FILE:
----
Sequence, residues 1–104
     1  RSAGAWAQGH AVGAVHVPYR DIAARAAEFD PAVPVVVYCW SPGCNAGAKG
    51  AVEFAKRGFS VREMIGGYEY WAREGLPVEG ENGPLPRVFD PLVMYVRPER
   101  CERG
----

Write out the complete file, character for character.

Sequence, residues 1–104
     1  RSAGAWAQGH AVGAVHVPYR DIAARAAEFD PAVPVVVYCW SPGCNAGAKG
    51  AVEFAKRGFS VREMIGGYEY WAREGLPVEG ENGPLPRVFD PLVMYVRPER
   101  CERG